December 16, 2016
The Phillies locked up Odubel Herrera to a team-friendly deal that could keep him in their uniform for as much as seven more seasons.
Now, to dispel a couple of common misconceptions.
• Mickey Moniak is not arriving to the major leagues in 2017. He was still walking through the halls of La Costa Canyon (Calif.) High School six months ago. He only turned 18 in May. Moniak may very well turn into a top flight prospect who graduates to the big leagues in quick fashion, but even the most generous prognosticator would pin that to 2019 or 2020.
Odubel Herrera, a talented proven big league center fielder is not blocking the path of any prospect, and even if and when Moniak arrives it’s not a bad problem to have two very good players at a premium position. As for the collection of minor leaguers who are closer to the big leagues, let’s not forget that even the highest rated of prospects don’t always pan out. Locking down the organization’s *one proven big league* outfielder was a smart and sensible decision by the Phillies brass.
“If sometime down the road we have too many good center fielders, that's a good problem to have,” Phillies general manager Matt Klentak said when asked Friday about an 18-year-old possibly coming for the job of the player he just locked up to a long-term deal. “We have to make decisions on our major-league club here and now. As much as we love Mickey Moniak and some of the other players in our minor-league system, they're still prospects. Moniak has played half a season in the (Gulf Coast League). Herrera has earned this opportunity with two consistent years at the big-league level and for that, he's being rewarded.”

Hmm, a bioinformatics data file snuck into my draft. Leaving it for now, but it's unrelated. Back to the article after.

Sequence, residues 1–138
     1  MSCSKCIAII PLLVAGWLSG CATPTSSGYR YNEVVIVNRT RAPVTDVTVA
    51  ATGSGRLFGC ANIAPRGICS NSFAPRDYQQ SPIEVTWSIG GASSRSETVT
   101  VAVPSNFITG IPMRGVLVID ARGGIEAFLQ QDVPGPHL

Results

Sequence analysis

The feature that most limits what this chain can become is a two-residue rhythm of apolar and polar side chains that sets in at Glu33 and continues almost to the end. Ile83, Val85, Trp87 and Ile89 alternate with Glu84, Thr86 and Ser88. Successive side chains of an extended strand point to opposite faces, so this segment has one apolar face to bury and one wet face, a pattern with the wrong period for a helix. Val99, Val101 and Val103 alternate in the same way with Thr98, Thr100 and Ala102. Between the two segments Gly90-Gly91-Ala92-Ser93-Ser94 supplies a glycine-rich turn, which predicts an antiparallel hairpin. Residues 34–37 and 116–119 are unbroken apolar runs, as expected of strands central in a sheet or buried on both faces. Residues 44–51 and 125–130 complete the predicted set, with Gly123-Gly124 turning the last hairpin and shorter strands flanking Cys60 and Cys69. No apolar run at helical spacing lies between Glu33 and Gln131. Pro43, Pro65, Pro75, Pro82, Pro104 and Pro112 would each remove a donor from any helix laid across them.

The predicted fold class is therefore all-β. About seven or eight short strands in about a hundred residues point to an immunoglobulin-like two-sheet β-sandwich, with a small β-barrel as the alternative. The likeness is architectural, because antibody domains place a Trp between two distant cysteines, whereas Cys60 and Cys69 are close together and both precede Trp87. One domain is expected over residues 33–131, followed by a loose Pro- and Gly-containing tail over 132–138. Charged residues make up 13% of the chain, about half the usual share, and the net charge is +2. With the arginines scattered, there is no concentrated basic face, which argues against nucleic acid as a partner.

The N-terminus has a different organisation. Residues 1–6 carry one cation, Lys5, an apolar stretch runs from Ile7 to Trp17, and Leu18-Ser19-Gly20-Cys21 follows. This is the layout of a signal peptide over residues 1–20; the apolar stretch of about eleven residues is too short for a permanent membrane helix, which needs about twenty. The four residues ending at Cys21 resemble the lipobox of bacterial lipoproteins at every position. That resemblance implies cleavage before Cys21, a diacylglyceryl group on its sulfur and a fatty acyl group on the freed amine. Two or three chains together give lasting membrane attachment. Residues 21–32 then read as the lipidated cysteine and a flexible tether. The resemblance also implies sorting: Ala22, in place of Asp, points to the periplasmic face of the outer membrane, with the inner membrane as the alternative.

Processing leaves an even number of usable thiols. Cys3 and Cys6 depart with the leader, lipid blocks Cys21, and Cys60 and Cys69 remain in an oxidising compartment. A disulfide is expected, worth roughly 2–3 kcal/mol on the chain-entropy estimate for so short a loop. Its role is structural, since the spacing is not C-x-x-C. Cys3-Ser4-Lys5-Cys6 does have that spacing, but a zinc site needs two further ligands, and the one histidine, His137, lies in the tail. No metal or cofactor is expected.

• Odubel Herrera is the Phillies center fielder, not Roman Quinn and not Aaron Altherr or anyone else. Sure, there were whispers at one point last summer about Altherr (whose greatest strength is his defense) pushing Herrera to a corner. But Herrera never played a single inning anywhere other than center field last year. And, according to Phillies people, Herrera also grades out better defensively in center than Quinn, also a converted infielder. And Quinn has yet to prove he can be durable over the course of a half a season, let alone a full season.
But, again, Herrera is actually a better defensive player than the perception from a large portion of fans (who admittedly cannot forget his theatrics in Cole Hamels’ no-hitter in two Julys ago). The Rawlings Gold Glove Award (once awarded to Bobby Abreu!) has smartly added an analytics component in recent years and it was that component that helped Herrera land on the list of three finalists for the award last month.
Twice this offseason both Klentak and manager Pete Mackanin spoke in defense of Herrera’s defense in center field. Including on Friday at Citizens Bank Park:
“The only problem I have with Odubel is where to hit him in the lineup, first, second or third,” Mackanin said. “That’s the only think I worry about because he goes out there and plays with energy, which is the most important aspect of our team, any team. For having never having played center field in the past, he’s darn good at it. All the statistics and analytics show that.”
"I always maintain that it’s up to the manager to write up the lineup, but I’ll say this about Odubel: this is a guy that has only played in the outfield for two years. He had a couple of brief stints in the outfield in the minors with the Rangers, but his full-time experience in the outfield is limited to two years. What he’s able to do in his first step quickness, his acceleration time, getting up to peak speed in the outfield, all of those components rank as one of the top outfielders in the league.